A report from Quartz tried to portray the supposed easiness to buy the same type of rifle the shooter in Uvalde, Texas used to kill nineteen children and two teachers at Robb Elementary School on Tuesday.
Zach Seward, the editor-in-chief, shared the site's piece and stated it was as easy as buying groceries.
We bought a gun—the same Daniel Defense DDM4 V7 assault rifle used in Uvalde. It was like ordering groceries. Click, checkout, done. https://t.co/s5DVw2CvIB— Zach Seward (@zseward) May 26, 2022
"We wondered how difficult it was to order a DDM4V7, one of the two rifles the gunman bought a few days after turning 18 years old, according to reports," the story states. "The answer: Five clicks. The AR-15-style weapon, made by Georgia-based Daniel Defense, sells online for $1,870, plus tax."
Anyone who has actually knows the process of ordering a firearm online knows it is not as simple as ordering this week's ingredients for lasagna. The firearm does not go directly to the buyer, it has to go to a licensed firearm dealer where a background check will be conducted. Diving deeper into the laughable excuse of journalism, the Quartz staff admit they had to do just that:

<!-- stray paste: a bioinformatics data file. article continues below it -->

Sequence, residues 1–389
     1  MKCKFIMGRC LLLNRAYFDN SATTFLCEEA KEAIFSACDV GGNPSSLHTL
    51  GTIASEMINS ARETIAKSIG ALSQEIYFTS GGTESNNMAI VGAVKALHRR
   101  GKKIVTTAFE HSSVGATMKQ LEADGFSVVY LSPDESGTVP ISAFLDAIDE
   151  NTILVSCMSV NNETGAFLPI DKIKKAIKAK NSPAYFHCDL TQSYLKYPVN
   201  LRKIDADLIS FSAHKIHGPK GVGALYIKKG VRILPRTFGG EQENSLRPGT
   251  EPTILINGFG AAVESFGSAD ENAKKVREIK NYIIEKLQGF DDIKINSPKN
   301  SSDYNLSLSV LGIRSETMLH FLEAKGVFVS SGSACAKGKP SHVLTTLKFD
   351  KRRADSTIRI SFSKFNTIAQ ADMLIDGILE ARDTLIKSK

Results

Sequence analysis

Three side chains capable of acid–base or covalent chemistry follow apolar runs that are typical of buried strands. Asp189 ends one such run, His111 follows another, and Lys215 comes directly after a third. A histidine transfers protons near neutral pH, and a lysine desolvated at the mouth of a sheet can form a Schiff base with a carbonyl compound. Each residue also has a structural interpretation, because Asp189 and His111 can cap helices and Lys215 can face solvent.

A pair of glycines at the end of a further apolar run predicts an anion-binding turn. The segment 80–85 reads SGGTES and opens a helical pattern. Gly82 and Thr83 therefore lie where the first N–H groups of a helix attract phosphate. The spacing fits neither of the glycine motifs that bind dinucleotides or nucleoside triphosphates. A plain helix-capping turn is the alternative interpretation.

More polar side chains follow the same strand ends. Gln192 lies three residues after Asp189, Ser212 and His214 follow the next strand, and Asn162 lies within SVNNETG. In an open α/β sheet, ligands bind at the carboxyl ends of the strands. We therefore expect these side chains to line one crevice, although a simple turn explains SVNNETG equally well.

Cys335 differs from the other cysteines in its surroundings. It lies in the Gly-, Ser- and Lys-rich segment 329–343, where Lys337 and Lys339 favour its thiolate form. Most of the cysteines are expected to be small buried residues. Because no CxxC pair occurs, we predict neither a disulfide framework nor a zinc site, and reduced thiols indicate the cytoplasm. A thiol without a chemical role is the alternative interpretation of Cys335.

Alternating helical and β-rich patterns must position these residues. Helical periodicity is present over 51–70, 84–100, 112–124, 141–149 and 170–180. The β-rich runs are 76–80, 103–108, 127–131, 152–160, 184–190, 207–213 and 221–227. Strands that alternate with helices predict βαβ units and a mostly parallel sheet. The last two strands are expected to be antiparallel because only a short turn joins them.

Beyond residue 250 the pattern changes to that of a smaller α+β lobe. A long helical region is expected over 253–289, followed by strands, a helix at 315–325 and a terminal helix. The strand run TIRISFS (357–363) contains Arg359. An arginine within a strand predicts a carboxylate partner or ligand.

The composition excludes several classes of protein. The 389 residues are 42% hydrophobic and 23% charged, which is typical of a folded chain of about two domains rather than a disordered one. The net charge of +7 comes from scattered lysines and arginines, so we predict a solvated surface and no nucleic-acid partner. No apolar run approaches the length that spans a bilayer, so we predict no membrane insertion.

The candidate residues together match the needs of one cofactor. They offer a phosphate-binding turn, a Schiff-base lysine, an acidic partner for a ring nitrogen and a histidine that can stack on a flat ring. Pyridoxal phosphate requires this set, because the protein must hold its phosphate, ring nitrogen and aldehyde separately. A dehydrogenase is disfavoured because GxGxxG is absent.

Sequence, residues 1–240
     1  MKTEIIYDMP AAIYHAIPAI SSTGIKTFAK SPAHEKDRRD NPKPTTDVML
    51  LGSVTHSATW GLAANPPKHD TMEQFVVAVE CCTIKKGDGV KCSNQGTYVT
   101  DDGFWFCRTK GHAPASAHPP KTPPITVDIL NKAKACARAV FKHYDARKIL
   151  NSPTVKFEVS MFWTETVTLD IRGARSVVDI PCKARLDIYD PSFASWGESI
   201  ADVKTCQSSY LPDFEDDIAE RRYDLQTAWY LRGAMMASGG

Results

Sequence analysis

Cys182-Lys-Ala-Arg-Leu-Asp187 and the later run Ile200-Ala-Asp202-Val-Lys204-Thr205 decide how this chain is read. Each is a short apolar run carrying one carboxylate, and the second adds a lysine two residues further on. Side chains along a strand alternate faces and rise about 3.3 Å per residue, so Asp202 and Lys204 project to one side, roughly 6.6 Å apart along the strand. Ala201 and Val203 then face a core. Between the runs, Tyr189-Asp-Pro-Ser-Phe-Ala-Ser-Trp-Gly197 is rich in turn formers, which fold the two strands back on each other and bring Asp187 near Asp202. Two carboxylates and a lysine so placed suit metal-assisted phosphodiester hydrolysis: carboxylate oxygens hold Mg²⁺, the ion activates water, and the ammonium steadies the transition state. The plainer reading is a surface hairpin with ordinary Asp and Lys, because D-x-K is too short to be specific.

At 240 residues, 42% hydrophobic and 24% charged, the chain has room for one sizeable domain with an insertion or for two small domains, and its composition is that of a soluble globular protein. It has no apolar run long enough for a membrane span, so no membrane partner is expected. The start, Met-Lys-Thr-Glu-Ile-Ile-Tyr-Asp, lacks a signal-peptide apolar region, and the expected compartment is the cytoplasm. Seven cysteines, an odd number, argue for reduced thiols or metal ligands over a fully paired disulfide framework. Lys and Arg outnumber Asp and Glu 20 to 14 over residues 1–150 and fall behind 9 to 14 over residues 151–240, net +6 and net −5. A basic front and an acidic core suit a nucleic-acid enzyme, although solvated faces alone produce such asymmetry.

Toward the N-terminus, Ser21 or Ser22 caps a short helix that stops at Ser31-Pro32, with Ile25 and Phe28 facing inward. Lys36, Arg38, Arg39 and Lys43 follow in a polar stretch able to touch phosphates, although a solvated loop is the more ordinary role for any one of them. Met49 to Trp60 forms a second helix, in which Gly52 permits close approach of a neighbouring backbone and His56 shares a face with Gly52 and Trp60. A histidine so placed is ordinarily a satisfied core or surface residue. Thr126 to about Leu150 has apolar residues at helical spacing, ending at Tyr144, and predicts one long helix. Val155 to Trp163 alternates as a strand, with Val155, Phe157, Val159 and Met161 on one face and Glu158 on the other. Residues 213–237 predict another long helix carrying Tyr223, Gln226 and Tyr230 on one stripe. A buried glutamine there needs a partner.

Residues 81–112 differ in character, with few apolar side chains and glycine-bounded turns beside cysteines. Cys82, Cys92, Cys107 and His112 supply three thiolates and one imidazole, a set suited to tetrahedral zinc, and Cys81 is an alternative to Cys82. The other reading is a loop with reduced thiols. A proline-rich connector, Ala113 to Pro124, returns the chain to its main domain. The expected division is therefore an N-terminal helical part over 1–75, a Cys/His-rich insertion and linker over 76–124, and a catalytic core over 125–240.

"At no time were we asked for proof of age or of a clean criminal record, both of which are legally required to buy a firearm. That will happen when we pick up the gun at a local licensed dealer.
"Aside from that, it was a routine purchase, not unlike ordering a Lego set from Amazon or a pair of shoes from Zappos. Except, of course, for the lethality of the product."
Seward addressed the mounting criticism to story on Twitter by pointing out, "You have to show ID when picking up your online alcohol order, too." Unless you have to undergo a background check for Bud Light, it's nowhere near the same.
3. Fewer readers, but a few, think it's a dog-bites-man story, or dog-bites-liberal-who-just-discovered-guns. But tell that to the half of our readers who live outside the US and cannot just go buy an assault rifle online. It really is rightly astonishing to most people!— Zach Seward (@zseward) May 26, 2022
The story from Quartz is a classic case of the liberal media trying to take advantage of readers who don't know the real process of buying a firearm in the aftermath of a tragedy to score political points. Buying a gun online is not the same process as ordering meals from Whole Foods. Quartz's story deserves all the criticisms it has been getting.